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Member Research & Reports

Member Research & Reports

Johns Hopkins: Heroin Users Aware of Fentanyl, But at High Risk of Overdosing

Most heroin users in Baltimore, a city heavily affected by the opioid epidemic, recognize that the heroin they buy is now almost always laced with the highly dangerous synthetic opioid fentanyl, according to a new study led by researchers at the Johns Hopkins Bloomberg School of Public Health.

At the same time, the researchers found that a majority of these users are not adequately prepared to prevent or treat fentanyl-related overdoses because they report injecting alone or without having the overdose antidote naloxone on hand.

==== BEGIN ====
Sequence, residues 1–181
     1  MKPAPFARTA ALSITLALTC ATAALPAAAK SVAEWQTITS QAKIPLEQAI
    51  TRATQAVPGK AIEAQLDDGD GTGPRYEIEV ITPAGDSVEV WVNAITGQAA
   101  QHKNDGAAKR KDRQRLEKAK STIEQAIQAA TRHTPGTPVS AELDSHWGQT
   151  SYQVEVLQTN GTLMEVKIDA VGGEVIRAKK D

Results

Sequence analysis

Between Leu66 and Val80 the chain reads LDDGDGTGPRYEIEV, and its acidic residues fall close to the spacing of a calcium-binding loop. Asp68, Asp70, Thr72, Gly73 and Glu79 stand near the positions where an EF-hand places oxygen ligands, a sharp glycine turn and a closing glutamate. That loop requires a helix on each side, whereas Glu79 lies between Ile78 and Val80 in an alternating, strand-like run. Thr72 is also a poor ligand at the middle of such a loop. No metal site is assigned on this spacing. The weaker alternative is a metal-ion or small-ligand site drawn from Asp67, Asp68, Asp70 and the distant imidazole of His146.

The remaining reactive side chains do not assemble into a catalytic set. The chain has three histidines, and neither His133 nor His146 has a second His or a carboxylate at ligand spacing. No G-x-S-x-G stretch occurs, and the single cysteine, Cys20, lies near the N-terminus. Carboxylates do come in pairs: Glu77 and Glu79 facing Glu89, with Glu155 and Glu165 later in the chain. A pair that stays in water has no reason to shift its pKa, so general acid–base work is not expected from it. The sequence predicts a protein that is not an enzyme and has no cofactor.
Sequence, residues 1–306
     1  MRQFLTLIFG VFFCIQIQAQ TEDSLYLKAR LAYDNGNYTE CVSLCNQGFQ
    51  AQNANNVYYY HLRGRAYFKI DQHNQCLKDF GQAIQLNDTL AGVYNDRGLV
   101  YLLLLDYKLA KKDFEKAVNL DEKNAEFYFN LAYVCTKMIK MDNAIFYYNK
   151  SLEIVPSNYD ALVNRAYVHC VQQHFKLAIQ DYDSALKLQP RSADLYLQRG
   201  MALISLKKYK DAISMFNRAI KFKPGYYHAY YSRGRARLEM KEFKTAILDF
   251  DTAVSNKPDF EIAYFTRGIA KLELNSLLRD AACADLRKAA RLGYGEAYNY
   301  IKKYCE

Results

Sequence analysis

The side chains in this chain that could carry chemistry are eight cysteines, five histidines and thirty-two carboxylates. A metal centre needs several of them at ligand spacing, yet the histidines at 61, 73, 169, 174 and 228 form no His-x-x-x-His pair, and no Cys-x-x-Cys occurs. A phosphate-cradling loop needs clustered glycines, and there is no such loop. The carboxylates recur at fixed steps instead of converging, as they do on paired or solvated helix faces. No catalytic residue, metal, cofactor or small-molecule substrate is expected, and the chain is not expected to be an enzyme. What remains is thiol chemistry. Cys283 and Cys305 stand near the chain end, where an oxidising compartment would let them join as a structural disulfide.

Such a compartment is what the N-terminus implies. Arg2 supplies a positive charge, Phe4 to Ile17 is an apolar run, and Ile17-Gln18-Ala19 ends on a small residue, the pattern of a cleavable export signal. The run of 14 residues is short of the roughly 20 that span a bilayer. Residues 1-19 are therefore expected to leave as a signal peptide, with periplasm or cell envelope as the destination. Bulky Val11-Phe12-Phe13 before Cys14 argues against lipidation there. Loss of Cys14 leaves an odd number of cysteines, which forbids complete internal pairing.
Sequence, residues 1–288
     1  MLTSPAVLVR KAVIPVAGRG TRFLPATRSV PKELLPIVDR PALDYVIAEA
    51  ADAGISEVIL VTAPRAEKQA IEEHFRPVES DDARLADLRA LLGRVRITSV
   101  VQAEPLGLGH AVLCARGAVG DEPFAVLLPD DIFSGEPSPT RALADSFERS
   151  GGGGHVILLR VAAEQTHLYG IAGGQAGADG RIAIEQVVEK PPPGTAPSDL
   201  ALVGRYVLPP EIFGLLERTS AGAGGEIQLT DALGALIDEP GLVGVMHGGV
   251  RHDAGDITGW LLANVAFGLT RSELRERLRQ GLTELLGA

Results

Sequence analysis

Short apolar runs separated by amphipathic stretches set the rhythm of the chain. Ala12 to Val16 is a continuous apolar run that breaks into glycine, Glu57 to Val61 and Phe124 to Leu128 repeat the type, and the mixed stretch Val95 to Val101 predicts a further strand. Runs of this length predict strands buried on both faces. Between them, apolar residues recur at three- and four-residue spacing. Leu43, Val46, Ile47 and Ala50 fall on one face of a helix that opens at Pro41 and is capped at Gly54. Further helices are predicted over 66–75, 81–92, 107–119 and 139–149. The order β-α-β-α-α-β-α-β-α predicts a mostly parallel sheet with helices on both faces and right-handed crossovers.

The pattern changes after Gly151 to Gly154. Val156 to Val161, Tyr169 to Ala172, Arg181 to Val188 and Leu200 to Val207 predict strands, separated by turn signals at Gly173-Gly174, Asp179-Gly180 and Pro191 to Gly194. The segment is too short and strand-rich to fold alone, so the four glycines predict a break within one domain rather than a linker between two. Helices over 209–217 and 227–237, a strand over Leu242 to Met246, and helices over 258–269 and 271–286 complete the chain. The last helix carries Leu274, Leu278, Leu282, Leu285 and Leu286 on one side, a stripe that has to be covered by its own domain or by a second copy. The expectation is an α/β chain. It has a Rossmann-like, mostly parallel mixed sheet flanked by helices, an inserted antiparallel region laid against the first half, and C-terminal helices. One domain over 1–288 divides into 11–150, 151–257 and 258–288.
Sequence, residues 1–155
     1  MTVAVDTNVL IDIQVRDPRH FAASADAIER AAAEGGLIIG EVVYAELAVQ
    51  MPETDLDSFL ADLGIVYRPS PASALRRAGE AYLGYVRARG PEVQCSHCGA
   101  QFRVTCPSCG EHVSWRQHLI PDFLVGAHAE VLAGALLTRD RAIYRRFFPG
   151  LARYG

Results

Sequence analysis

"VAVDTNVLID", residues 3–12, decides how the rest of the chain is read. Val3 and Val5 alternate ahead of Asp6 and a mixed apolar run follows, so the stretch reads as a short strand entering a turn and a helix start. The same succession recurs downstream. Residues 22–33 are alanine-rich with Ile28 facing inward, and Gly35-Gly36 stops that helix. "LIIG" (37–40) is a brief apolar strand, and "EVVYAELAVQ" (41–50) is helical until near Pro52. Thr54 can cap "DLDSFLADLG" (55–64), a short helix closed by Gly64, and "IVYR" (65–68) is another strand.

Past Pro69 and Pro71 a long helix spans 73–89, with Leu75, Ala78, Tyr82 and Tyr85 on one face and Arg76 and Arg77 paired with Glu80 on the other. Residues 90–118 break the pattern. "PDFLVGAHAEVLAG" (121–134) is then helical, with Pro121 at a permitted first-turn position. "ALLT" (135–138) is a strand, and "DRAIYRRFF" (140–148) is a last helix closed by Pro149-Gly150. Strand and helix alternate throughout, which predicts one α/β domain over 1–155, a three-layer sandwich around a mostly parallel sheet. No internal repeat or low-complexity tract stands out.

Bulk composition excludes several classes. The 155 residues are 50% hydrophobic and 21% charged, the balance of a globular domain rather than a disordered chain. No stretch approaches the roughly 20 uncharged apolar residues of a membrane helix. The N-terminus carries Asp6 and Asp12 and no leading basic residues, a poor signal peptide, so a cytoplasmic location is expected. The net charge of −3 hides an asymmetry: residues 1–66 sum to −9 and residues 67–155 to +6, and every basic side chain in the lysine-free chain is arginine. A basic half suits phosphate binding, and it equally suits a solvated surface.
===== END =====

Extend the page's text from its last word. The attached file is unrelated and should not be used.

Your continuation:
The findings, published February 15 in the journal Substance Use & Misuse, suggest overall that there remains a strong need for public health policies and programs that encourage users not to inject alone, to keep naloxone on hand and to use naloxone appropriately to treat overdoses.

“In many parts of the country fentanyl is now the major cause of all the death and despair arising from the opioid epidemic, and we have to reduce the barriers that prevent users from being prepared to treat fentanyl overdoses,” says study lead author Dr. Carl Latkin, professor and vice chair of the department of health, behavior and society at the Bloomberg School.

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